The nomination period for a special Nov. 2 election to fill one La Mesa City Council seat closes at 12 p.m. Aug. 6.
The person elected on Nov. 2 will serve through Nov. 8, 2022, essentially filling the seat vacated by former La Mesa Council Member Akilah Weber, who was elected to the California State assembly in June.
Candidates must be a United States citizen, at least 18 years of age on or before election day, and a registered voting resident in the city of La Mesa. Candidate packets for the election are available in the City Clerk’s Office, located at 8130 Allison Ave. in La Mesa.
There are no city of La Mesa filing fees, however, candidates who choose to have their Candidate Statement of Qualifications printed in the sample ballot issued by the County Registrar of Voters must pay for the actual cost of printing and distribution.
In a regular election, current City Council Member Bill Baber said the average campaign ultimately costs candidates between $50,000 and $75,000, although the shortened lead time for this special election might reduce some candidate spending costs. For example, he said, there are simply fewer months to send out mailers or host events, which will likely reduce those costs.
He and La Mesa Mayor Mark Arapostathis both spoke in favor of holding a special election, supporting what they say encourages a more transparent process at a May 11 city council meeting, while Council members Jack Shu and Colin Parent pushed for filling Weber’s seat by special appointment as a cost-saving measure for the city with just 18 months left in the term.
“It is a difficult challenge to run a ground campaign in a short election time but it is fair because everyone is under the same restrictions,” Baber said.
Running for an office like city council, he said, is virtually a full time job in his experience, especially in a shortened election time like this upcoming special election.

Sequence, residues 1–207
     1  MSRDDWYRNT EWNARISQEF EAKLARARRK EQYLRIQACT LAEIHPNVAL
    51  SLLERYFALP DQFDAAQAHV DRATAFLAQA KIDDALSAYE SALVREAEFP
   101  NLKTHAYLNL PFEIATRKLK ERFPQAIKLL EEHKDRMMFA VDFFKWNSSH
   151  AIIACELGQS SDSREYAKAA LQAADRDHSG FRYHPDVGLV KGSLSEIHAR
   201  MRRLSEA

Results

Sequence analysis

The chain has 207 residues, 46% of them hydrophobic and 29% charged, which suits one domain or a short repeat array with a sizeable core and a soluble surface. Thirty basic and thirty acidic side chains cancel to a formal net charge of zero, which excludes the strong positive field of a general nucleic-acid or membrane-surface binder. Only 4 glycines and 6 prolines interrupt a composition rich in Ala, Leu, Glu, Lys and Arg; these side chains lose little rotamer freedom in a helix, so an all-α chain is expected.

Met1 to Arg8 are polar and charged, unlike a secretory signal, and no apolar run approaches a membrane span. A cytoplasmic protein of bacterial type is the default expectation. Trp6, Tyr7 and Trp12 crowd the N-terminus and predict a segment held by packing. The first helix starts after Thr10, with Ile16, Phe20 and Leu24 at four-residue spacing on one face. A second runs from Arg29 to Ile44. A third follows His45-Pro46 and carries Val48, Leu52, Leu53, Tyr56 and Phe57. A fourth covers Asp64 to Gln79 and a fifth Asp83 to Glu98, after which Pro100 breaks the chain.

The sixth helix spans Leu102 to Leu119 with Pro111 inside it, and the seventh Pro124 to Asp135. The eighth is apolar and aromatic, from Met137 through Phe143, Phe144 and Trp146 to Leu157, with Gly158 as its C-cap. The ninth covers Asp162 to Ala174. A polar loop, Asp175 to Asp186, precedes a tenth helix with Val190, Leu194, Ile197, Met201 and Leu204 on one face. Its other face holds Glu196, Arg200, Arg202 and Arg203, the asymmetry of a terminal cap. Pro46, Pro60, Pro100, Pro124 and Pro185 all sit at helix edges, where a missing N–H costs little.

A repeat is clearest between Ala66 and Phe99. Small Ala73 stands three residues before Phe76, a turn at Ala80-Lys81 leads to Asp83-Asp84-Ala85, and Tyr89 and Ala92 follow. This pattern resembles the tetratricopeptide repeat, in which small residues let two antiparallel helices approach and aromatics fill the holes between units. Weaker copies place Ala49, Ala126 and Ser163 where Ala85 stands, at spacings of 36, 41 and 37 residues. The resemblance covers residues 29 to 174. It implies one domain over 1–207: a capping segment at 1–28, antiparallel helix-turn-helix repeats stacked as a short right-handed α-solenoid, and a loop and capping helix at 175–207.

“It’s really tough to do if you have to work a day job, and really tough to do if you can’t take time off to meet voters. You have to get to know your candidates, go to events so voters get to know you. It costs more in time than money but money allows you to buy time,” Baber said.
Looking back at recent winning campaigns, he said those who won all spent around $75,000 on their campaign but a candidate who has more time than money can be successful if they are strategic with their efforts.
As of Monday, July 19, five candidates had pulled nomination papers, required forms to obtain valid signatures from eligible, registered voters for this election.
Those candidates are: co-founder of Borderlands for Equity Mejgan Afshan; SoCal Day of Hope Vice President Leticia Dickerson; La Mesa Community Police Oversight Board Vice Chair Patricia Dillard; Lifepoint Church Pastor Tony Orlando; and Realtor Laura Lothian, who also ran for La Mesa City Council in the regular 2020 election.
Anyone wanting to run for the seat should review the Fair Political Practices Commission Campaign Disclosure Manual, available at www.fppc.ca.gov and file a FPPC Form 501 Candidate Intention Statement with La Mesa City Clerk Megan Wiegelman before receiving contributions or spending any funds on their campaign.
For more information or to schedule an appointment to obtain a candidate packet, contact Wiegelman at (619) 667-1120.